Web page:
Recently I became part of an international collective of artists called Agitate:21C. In its short existence, it has attracted about 300 outstanding experimental, avant-garde, and generally ‘other’ artists from around the world, including film-makers, poets, curators, critics, lovers of the arts, and just about any kind of alternative creator, focused on any medium, genre, style or form.
Originally part of a larger art installation created for Alchemy Film and Moving Image Festival, Alphonso’s Jaw was the first poetry film I found via A21C. It is written and directed by Scottish artists Sarahjane Swan and Roger Simian, also known as Avant Kinema. Sarahjane appears in the film and voices the piece in English and French. I find it virtuosic in its fusing of word, soundscape and image, as well as deeply moving in its meditation on the timeless horrors of war in the lives of individuals.
This is an excerpt from what the artists have to say on the film’s page at Vimeo:
The installation, and our subsequent short film, were inspired by our fascination for two objects we discovered amongst Edinburgh University’s Anatomy Collection: (1) the cast of a disfigured face; (2) a prosthetic jaw constructed on an early nineteenth century battlefield.
Through some research we unearthed the story of Alphonse Luis, a young French gunner struck by shrapnel at the Siege of Antwerp, 1832. Having suffered horrific facial injuries, losing his lower face, Alphonse’s quality of life was eventually improved when the Surgeon-Major and a local Belgian artist collaborated on the construction of a silver prosthetic jaw, painted in flesh tones and adorned with whiskers.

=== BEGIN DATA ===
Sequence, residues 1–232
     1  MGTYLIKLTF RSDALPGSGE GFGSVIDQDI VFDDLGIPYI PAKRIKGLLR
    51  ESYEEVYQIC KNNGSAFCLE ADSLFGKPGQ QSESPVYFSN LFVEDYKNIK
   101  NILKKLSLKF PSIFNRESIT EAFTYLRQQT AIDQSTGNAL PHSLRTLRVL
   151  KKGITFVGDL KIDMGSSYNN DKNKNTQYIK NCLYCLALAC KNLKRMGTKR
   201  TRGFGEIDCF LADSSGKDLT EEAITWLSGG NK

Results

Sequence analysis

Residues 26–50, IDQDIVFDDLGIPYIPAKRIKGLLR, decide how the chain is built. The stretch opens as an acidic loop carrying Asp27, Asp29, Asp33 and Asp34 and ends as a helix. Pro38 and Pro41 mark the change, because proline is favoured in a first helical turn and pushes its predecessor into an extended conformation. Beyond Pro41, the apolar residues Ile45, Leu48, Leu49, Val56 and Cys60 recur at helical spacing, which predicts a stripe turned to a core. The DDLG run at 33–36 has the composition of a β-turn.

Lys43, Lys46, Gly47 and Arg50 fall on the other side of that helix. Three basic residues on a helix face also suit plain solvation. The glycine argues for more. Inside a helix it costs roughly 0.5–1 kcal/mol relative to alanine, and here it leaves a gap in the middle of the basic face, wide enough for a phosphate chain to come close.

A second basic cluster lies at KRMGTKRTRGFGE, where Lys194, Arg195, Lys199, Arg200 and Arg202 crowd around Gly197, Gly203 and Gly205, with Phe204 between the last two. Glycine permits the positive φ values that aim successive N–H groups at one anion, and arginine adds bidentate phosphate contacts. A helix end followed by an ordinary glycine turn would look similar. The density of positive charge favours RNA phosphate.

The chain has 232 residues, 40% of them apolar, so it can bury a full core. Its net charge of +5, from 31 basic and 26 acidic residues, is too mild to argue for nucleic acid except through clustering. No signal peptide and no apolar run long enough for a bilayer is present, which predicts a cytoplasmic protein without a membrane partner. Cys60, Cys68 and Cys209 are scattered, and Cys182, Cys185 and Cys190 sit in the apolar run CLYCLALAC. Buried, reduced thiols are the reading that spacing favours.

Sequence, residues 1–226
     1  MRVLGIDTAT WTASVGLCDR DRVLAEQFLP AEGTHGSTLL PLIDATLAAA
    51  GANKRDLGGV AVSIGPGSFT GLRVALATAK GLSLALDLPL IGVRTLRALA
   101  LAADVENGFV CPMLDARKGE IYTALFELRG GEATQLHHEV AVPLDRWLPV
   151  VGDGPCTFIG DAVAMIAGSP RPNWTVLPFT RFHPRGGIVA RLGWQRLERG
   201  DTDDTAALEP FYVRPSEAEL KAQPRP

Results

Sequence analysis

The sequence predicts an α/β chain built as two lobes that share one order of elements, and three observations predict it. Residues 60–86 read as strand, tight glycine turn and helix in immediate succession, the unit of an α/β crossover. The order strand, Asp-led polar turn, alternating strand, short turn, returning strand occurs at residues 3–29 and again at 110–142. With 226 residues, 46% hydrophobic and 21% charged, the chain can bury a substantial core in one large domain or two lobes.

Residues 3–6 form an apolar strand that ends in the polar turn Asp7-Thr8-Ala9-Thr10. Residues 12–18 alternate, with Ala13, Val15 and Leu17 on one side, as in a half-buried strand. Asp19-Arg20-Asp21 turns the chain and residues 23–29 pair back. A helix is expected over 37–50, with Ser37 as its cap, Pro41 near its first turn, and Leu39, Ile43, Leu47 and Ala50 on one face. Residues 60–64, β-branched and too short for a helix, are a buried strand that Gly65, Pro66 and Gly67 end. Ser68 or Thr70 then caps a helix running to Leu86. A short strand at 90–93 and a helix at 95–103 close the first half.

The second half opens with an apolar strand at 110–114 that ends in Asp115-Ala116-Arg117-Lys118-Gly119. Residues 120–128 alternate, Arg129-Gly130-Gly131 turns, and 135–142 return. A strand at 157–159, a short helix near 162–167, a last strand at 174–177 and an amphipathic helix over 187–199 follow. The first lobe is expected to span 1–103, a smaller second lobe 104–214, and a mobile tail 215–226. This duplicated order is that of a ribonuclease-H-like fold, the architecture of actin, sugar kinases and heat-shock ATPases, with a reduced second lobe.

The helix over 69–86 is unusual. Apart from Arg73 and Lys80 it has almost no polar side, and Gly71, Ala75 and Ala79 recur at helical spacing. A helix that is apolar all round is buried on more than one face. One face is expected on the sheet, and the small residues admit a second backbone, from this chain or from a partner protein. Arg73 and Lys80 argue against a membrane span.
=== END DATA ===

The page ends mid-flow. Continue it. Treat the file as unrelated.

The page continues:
We uncovered historical accounts of Alphonse Luis’ injury, surgery, recuperation and rehabilitation in medical journals of the day, and drew on these for an exploration of identity, disfigurement and reconstruction.
In Alphonso’s Jaw we imagine that Alphonse Luis has become dislocated from history to exist outside of any specific time or place, trapped in eternal convalescence, soothed by the dreams of his Battlefield Muse, who is equal parts Night Nurse, Scheherazade and Beauty from Beauty and the Beast. Luis’ Battlefield Muse is, in turn, both horrified and fascinated by her patient.
The poem, titled “Beauty and the Silver Mask,” can be read at Avant Kinema’s blog, in both its full English version and the short fragment of it spoken in French, which was translated by Raymond Meyer.